Michael Evans

A bunch of technobabble.

Dropping Columns Like It's Hot

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Recently, I was doing some code cleanup and noticed that there were some data in the database that was no longer needed. I think most developers clean up their codebase of deprecated patterns and unused code, but I personally have not done a good job of ensuring that the same cleanup happens for unused columns in my databases.

Dropping tables that are no longer used is pretty easy (especially if you can just use something like Room’s Migrations) but when trying to remove unused columns, I ran into an unexpected problem. I thought to myself, it’s pretty easy to add or rename a column, why would dropping one be any harder? The existing database library I was using already had a convenient “drop column” method, so I simply called that and tried to run the migration. During the process, I ended up with a ForeignKeyConstraintException! I quickly scanned the schema to see what could have caused that, and didn’t see anything obvious. The table I was trying to modify didn’t have any foreign keys itself, and the column I was dropping was not a foreign key. Curious to understand what was happening, I started to dig into what this method call was doing.

I saw that although you can add a column with SQLite’s ALTER TABLE ${tableName} ADD COLUMN ${columnName} ${columnType} statements, there’s no support for removing a column out of the box. The library method I was using emulates dropping a column by doing the following:

  1. Rename the existing table into $tablename_old
  2. Creating a new table with all the existing columns, minus the one we don’t want
  3. Copying all the data from $tablename_old to $tablename
  4. Dropping $tablename_old, since we don’t need it anymore.

This process seems to make a lot of sense – since we can’t remove the column on its own, let’s just make a new table with the structure we want and copy over the data that we want to keep. So why does this process not work?

The Gotcha!

If you read the SQlite documentation linked above closely, you might have noticed an important note:

Compatibility Note: The behavior of ALTER TABLE when renaming a table was enhanced in versions 3.25.0 (2018-09-15) and 3.26.0 (2018-12-01) in order to carry the rename operation forward into triggers and views that reference the renamed table. This is considered an improvement. Applications that depend on the older (and arguably buggy) behavior can use the PRAGMA legacy_alter_table=ON statement or the SQLITE_DBCONFIG_LEGACY_ALTER_TABLE configuration parameter on sqlite3_db_config() interface to make ALTER TABLE RENAME behave as it did prior to version 3.25.0.

What this means is that when we use ALTER to rename a table, any triggers/views/foreign keys that reference that table will now be updated to support it. As an example:

Let’s say we had a table users with a few columns: id, first_name, last_name, and age, and we had a table orders with the columns id, order_number and user_id, where user_id was a foreign key back to the users table. It might look a little like this:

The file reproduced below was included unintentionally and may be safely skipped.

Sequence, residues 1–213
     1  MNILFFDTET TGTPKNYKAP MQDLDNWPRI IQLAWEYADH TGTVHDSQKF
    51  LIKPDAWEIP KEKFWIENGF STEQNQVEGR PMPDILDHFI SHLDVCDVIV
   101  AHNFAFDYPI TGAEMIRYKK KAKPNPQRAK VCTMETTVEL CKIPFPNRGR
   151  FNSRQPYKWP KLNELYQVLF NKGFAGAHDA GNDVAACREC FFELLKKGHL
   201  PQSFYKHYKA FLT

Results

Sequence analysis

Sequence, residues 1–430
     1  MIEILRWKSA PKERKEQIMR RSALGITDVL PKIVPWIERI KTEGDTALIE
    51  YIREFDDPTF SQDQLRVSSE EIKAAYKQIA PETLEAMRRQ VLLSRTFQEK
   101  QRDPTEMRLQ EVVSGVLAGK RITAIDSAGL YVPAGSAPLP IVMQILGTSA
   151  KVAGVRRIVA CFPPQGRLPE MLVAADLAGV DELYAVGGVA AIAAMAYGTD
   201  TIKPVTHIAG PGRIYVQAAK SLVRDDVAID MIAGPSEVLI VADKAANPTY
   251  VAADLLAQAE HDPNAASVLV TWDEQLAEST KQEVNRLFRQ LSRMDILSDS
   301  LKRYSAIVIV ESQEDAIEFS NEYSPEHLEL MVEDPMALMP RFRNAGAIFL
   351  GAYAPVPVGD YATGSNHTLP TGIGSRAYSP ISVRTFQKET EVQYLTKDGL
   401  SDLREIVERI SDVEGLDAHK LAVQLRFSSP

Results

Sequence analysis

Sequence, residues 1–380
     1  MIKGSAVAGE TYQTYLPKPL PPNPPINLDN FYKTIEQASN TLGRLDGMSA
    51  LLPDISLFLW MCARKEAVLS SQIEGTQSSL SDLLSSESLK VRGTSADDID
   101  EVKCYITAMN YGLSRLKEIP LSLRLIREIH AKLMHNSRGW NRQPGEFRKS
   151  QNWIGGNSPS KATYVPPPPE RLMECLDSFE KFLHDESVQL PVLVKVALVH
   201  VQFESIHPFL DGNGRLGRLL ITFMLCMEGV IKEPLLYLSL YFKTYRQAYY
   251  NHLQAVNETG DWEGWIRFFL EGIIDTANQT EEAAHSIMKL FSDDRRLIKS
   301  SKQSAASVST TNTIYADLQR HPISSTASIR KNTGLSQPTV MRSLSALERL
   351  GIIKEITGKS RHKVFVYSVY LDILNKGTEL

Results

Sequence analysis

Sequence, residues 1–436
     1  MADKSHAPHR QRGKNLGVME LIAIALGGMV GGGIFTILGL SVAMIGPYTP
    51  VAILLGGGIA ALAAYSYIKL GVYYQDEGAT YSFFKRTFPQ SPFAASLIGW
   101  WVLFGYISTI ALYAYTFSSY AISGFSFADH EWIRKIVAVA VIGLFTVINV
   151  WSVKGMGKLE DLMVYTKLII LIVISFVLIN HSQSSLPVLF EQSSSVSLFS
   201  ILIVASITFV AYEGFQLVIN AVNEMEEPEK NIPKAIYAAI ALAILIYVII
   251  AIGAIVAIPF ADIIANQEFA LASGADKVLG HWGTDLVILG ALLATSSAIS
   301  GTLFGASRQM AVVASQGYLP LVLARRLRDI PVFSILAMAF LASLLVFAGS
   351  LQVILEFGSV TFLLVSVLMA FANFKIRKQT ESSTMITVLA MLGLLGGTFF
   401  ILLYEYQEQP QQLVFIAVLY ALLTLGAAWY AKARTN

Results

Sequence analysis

Following the steps above, let’s try to drop the age column. First we’ll rename the existing table into users_old, and create the new table:

Then we copy the the data, and try to drop users_old, and this is where we run into the exception. The grey line in the diagram is our foreign key association, and that will no longer be valid because the orders table will be trying to reference users_old which we are trying to drop.

Fortunately the documentation lists out a better sequence of steps to perform this operation:

  1. Create the new table
  2. Copy over the data we need
  3. Drop old table
  4. Rename the new table with the name of the old table

Looking at it more visually – we’ll start with the same tables and create a new table named users_new to hold the preserved data:

Then we’ll do the data copy, drop, the old table (but the foreign key relation will still reference the users table), and rename users_new to users.

These steps will ensure that no existing links (views, triggers, etc) are modified. That way when we rename the table in the final step, the existing links will end up referencing the new table already.


override fun migrate(database: SupportSQLiteDatabase) {
    // Create the new table
    database.execSQL("CREATE TABLE users_new (id INTEGER, first_name TEXT, last_name TEXT, PRIMARY KEY(userid))")
    // Copy the data
    database.execSQL("INSERT INTO users_new (id, first_name, last_name) SELECT id, first_name, last_name FROM users")
    // Remove the old table
    database.execSQL("DROP TABLE users")
    // Change the table name to the correct one
    database.execSQL("ALTER TABLE users_new RENAME TO users")

Hopefully this discovery helps you better clean up those unused columns in your databases!